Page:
“We take the soil for granted because it is there, it is everywhere,” said Dr. Wangari Maathai. [6] Yet in Iowa alone, a recent report called Losing Ground reports that farms lose nearly 100 tons of precious topsoil per acre per year, 97% of it preventable through simple conservation methods.[7] Half the soil we have lost has been lost in the last 150 years.[8]

“We think that diamonds are very important,” added Dr. Maathai, “gold is very important, minerals are very important, we call them precious minerals, but they are all forms of the soil. But that part of these minerals that is on top, like it is the skin of the earth, that is the most precious of the commons.”


None of this can be sustained; we know this. In order to survive, we will have to change its basic approach to the production of food and learn to be stewards of our soil. In the meantime, “All creation is waiting eagerly … groaning in labor … for the Children of God to appear and return to the ground, to take up again our first vocation to care for the earth.

Did you notice that phrase in our reading today? In chapter three, God’s response to Adam and Eve’s transgression, by far the most attention is given to the land. With human beings alienated from God and from one another, the earth is the first to suffer, “cursed is the ground because of you,” says God. But then God says,

By the sweat of your face

you shall eat bread

until you return to the earth [adamah],

for out of it you were taken;

you are dust,

and to dust you will return.

We usually associate these words, our return to the earth, with our graveside services. On Thursday morning, George P——- and I buried the remains of his beloved wife Beth in The Shepherd’s Fold, our memorial garden. We had committed her life to God’s keeping several months ago, but were only now ready bury her body. George knelt down and gently placed the urn containing her ashes into the ground. He kissed his own hand and placed it on the box as we recited, “In the sure and certain hope of the resurrection to eternal life through Jesus Christ, we commend to almighty God our sister Beth and we commit her body to the ground: earth to earth, ashes to ashes, dust to dust.” And we each took handful after handful of the cool, brown dirt and filled the hole until what remained of Beth’s body was blanketed in soil and buried in the earth. It was a powerful reminder of our origin and destiny in the soil, and of our connection to the earth throughout life. We are reminded of this as well each Ash Wednesday when I touch your forehead with the burnt remains of the previous years palm branches and urge you to humility in your mortality.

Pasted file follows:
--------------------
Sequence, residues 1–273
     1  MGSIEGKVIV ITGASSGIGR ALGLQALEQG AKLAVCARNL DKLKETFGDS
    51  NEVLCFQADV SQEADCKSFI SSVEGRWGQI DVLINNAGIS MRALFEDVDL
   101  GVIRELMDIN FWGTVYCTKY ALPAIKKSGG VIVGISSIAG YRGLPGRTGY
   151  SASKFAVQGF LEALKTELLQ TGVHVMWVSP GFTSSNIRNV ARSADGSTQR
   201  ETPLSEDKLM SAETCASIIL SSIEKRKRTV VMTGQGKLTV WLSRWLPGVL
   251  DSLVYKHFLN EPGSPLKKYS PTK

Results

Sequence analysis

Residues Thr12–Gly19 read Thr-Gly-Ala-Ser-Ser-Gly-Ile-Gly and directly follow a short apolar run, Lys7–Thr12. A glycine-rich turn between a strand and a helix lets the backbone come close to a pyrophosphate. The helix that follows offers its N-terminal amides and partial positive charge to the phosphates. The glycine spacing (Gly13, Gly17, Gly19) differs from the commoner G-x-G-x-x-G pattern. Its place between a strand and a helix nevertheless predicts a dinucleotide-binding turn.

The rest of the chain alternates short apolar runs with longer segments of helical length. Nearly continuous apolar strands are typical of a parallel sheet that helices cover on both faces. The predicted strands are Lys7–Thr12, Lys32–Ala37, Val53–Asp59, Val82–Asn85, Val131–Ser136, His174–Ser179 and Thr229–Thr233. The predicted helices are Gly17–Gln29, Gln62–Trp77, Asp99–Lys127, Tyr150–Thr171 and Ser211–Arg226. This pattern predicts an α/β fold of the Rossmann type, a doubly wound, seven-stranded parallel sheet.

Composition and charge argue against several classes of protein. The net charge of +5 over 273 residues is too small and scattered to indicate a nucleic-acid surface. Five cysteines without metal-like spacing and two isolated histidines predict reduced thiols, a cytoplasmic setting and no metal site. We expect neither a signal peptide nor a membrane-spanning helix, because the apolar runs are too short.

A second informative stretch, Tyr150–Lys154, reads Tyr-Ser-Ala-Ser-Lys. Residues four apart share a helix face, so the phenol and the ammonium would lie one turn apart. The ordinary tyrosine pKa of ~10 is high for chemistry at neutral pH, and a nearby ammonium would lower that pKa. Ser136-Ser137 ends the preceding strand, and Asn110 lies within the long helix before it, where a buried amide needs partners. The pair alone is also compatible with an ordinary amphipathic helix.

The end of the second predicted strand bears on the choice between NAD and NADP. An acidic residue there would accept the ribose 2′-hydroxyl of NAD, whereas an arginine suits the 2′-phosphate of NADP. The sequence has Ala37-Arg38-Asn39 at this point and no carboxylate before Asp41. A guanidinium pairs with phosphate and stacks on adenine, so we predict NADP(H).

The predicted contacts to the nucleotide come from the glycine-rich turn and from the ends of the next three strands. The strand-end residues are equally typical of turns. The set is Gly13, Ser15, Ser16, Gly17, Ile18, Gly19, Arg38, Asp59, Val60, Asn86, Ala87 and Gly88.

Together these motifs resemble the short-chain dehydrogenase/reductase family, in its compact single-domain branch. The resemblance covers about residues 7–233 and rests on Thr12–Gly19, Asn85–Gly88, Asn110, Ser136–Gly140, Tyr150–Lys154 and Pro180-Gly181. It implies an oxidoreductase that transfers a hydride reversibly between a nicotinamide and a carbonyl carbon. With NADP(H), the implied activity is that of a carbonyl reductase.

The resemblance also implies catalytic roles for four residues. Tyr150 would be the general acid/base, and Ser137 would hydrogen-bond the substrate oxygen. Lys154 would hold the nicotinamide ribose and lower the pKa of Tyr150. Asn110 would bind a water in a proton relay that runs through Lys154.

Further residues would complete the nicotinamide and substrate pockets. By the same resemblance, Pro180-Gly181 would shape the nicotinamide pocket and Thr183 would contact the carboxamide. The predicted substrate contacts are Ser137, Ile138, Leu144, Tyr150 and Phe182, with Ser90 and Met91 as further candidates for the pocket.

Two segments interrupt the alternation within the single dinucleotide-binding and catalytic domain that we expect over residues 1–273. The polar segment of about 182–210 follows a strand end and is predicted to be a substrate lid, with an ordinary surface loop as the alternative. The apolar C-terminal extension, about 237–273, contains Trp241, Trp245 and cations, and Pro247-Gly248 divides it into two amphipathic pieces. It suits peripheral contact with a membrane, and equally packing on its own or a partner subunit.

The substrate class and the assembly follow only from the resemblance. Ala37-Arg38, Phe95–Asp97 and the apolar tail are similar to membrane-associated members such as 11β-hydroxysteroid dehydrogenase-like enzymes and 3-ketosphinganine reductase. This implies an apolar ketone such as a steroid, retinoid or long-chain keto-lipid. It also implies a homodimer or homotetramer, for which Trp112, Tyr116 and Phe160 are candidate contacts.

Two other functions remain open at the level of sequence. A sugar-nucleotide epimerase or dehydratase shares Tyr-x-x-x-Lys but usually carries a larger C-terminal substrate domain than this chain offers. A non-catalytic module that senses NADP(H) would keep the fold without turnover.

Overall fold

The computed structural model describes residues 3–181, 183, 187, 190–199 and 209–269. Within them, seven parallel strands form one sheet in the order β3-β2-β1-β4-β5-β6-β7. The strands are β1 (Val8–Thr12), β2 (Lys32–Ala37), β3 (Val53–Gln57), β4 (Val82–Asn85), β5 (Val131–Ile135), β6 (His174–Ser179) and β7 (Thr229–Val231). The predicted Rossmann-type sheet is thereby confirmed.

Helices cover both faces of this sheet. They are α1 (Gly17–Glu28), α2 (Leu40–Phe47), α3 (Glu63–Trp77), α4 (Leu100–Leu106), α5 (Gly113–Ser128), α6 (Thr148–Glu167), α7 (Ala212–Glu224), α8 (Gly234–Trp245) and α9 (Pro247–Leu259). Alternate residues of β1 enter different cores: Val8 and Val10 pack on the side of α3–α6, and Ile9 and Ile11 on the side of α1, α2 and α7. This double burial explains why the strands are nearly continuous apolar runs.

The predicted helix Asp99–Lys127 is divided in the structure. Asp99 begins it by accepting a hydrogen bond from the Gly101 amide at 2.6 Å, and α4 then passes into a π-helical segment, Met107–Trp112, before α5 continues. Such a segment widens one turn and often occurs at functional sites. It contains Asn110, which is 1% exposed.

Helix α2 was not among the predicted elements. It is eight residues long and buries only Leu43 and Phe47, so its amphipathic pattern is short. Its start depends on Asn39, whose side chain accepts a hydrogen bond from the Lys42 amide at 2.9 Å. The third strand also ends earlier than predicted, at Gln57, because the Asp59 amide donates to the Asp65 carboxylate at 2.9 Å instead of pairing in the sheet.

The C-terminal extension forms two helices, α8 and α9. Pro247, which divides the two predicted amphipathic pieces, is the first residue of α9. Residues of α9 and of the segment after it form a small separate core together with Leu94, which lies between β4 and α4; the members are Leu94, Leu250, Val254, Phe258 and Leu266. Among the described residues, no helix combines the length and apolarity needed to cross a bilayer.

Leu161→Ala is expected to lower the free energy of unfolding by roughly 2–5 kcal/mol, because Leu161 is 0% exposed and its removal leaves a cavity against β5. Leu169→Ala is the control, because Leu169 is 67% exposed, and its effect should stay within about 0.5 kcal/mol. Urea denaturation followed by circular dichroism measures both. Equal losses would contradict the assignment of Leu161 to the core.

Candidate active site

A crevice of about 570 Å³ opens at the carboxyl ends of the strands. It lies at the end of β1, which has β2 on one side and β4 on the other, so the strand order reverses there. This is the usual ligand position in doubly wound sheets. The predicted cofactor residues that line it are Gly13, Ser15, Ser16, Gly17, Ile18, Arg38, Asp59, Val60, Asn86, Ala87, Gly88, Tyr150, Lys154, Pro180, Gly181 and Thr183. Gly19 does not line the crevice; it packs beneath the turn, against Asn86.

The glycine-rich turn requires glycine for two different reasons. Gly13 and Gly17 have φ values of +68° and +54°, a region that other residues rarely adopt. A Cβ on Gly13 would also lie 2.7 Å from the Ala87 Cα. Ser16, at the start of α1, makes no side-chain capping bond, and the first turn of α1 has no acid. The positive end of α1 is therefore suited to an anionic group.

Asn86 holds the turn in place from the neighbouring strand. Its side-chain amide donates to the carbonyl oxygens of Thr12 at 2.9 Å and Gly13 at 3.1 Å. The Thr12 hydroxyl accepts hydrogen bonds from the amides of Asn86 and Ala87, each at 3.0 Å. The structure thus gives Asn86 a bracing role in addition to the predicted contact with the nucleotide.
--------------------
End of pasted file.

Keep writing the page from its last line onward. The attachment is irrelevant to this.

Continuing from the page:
But there is something else going on in this passage from Genesis. The words “until you return to the earth” have less to do with mortality than they do with changing our direction and being reconciled with the earth. The word “return” here carries the meaning of repentance, as when God says “Yet even now, return to me with all your heart,
with fasting, with weeping, and with mourning.” (Joel 2: 12) Here God says

By the sweat of your face

you shall eat bread

until you return to the earth [adamah],

for out of it you were taken;

you are dust,

and to dust you will return.

Because we tend to think of The Fall and Original Sin as something that began with Adam and Eve and was passed inevitably down to us, we miss that right here, right at the moment of fall, God is providing a way back – a way for us to return to the earth. Caring for the earth is not only our vocation; it is also a means of our reconciliation – with God, and one another, and all creation.